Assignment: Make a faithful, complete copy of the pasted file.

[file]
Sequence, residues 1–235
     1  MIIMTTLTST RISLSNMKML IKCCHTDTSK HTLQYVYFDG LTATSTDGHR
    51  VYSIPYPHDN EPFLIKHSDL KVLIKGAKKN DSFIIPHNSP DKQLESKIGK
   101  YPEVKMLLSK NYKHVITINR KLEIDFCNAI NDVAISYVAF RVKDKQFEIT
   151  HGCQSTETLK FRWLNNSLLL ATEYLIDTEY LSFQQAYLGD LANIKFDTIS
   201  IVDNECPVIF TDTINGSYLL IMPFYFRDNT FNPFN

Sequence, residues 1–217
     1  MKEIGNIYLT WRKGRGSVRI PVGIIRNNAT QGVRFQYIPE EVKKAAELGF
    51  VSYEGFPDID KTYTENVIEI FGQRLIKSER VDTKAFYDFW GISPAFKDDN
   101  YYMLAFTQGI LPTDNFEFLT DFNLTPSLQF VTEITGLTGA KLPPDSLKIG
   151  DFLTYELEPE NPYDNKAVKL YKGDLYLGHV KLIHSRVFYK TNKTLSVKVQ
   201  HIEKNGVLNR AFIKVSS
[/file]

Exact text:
Sequence, residues 1–235
     1  MIIMTTLTST RISLSNMKML IKCCHTDTSK HTLQYVYFDG LTATSTDGHR
    51  VYSIPYPHDN EPFLIKHSDL KVLIKGAKKN DSFIIPHNSP DKQLESKIGK
   101  YPEVKMLLSK NYKHVITINR KLEIDFCNAI NDVAISYVAF RVKDKQFEIT
   151  HGCQSTETLK FRWLNNSLLL ATEYLIDTEY LSFQQAYLGD LANIKFDTIS
   201  IVDNECPVIF TDTINGSYLL IMPFYFRDNT FNPFN

Sequence, residues 1–217
     1  MKEIGNIYLT WRKGRGSVRI PVGIIRNNAT QGVRFQYIPE EVKKAAELGF
    51  VSYEGFPDID KTYTENVIEI FGQRLIKSER VDTKAFYDFW GISPAFKDDN
   101  YYMLAFTQGI LPTDNFEFLT DFNLTPSLQF VTEITGLTGA KLPPDSLKIG
   151  DFLTYELEPE NPYDNKAVKL YKGDLYLGHV KLIHSRVFYK TNKTLSVKVQ
   201  HIEKNGVLNR AFIKVSS